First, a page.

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Full Moon names date back to Native Americans, of what is now the northern and eastern United States. The tribes kept track of the seasons by giving distinctive names to each recurring full Moon. Their names were applied to the entire month in which each occurred. There was some variation in the Moon names, but in general, the same ones were current throughout the Algonquin tribes from New England to Lake Superior. This was the time to set beaver traps before the swamps froze, to ensure a supply of warm winter furs. Another interpretation suggests that the name Full Beaver Moon comes from the fact that the beavers are now actively preparing for winter.
November full moon is a Blue Moon. It isn’t blue in color. It’s only blue in name – at least, by one definition. Sunday’s moon is the third of four full moons in a season. So many will call it a Blue Moon. In most years there will be only three full moons between the Autumnal Equinox and the December Solstice.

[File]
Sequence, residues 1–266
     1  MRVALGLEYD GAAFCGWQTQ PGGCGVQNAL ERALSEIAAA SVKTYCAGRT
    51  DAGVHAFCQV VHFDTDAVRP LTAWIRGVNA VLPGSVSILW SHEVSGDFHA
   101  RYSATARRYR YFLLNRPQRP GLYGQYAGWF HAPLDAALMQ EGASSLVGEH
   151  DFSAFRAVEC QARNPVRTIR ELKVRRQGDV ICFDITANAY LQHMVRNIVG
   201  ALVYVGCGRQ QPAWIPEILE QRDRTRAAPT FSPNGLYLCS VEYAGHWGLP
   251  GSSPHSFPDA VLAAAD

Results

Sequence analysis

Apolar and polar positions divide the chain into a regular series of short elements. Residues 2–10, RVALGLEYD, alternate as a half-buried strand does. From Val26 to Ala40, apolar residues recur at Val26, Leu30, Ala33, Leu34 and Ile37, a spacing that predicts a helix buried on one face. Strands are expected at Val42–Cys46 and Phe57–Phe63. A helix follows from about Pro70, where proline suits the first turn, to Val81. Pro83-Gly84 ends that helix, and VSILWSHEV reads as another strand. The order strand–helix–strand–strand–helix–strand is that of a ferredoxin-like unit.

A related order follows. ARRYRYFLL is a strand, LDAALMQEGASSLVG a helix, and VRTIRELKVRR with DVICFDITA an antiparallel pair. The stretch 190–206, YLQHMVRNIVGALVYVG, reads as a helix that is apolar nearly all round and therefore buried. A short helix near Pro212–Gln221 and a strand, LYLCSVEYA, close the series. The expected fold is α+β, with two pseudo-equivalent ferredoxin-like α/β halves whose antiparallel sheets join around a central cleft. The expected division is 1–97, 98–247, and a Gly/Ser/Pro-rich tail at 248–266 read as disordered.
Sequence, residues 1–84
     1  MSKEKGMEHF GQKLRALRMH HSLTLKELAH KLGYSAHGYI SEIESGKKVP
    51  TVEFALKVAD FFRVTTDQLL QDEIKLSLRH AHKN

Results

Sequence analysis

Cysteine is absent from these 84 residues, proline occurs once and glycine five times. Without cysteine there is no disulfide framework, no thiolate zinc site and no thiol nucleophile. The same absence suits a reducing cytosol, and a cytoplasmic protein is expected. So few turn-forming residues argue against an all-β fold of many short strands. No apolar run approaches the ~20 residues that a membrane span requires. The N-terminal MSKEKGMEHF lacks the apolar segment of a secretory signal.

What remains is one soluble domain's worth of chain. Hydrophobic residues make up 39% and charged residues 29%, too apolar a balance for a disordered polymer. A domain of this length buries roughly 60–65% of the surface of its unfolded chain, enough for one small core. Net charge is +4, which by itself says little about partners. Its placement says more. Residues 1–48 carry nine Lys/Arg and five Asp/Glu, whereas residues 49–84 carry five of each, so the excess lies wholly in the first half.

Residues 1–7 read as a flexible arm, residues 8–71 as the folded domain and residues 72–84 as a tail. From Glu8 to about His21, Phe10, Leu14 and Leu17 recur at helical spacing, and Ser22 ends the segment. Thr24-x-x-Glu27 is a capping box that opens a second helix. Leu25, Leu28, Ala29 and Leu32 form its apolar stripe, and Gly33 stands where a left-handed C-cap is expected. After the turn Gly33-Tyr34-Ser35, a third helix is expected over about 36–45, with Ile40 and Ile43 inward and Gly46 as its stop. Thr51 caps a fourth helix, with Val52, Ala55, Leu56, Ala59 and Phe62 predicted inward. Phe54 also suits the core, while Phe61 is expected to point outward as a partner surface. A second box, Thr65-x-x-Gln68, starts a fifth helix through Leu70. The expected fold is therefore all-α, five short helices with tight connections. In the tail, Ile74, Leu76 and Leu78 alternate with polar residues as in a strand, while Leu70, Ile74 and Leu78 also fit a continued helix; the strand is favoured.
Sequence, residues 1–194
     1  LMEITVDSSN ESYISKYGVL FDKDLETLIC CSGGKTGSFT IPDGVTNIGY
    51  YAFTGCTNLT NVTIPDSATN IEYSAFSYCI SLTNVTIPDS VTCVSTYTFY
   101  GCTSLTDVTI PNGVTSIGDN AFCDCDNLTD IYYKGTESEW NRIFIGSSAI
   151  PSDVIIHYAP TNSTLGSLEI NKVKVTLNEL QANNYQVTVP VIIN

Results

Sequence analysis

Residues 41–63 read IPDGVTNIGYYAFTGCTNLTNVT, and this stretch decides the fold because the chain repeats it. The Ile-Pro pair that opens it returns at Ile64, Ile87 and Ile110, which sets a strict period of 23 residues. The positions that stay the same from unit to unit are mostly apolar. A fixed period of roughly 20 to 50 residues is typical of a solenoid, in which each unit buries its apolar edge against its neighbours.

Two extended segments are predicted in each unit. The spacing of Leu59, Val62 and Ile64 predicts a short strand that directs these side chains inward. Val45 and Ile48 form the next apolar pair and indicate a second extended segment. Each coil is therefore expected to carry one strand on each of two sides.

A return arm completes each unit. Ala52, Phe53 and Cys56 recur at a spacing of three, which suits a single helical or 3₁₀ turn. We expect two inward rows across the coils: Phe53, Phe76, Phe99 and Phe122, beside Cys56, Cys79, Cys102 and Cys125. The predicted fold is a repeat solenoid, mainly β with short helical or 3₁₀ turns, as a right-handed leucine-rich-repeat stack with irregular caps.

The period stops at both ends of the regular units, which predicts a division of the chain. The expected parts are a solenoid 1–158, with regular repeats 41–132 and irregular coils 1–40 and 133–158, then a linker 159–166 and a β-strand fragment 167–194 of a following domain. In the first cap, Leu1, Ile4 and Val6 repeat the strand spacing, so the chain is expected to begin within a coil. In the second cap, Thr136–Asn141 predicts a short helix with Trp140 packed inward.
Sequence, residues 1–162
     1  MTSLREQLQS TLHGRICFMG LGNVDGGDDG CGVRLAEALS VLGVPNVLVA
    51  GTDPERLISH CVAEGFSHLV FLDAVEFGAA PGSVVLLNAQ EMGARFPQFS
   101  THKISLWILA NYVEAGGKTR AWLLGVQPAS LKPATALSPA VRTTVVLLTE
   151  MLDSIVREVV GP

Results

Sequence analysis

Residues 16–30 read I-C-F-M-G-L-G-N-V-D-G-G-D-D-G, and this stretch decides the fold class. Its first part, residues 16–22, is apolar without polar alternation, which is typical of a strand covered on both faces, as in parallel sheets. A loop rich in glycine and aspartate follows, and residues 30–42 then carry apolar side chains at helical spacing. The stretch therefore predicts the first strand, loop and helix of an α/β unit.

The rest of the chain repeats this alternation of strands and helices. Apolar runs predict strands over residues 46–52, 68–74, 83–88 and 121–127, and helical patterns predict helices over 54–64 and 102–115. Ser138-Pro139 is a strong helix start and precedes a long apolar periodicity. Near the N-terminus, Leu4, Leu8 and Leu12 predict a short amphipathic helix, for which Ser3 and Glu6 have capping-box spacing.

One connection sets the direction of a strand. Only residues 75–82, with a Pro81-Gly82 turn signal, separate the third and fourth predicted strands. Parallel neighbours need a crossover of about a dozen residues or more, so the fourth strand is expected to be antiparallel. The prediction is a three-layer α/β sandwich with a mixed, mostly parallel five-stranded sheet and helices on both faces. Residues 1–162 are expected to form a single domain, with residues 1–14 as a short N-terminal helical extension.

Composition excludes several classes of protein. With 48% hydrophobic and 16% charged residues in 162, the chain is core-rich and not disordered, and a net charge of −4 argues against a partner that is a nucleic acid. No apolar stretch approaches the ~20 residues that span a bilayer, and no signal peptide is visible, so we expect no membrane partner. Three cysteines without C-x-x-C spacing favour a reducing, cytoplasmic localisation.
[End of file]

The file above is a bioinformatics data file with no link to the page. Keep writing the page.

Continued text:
There is a more modern definition of Blue Moon. It’s the idea that a Blue Moon is a second full moon in a calendar month. The next Blue Moon to fit this description will come on August 31, 2012. Is one definition better or more true than the other? The great thing about folklore is that it’s whatever the folk say it is. So we all get to decide.Click here for reuse options!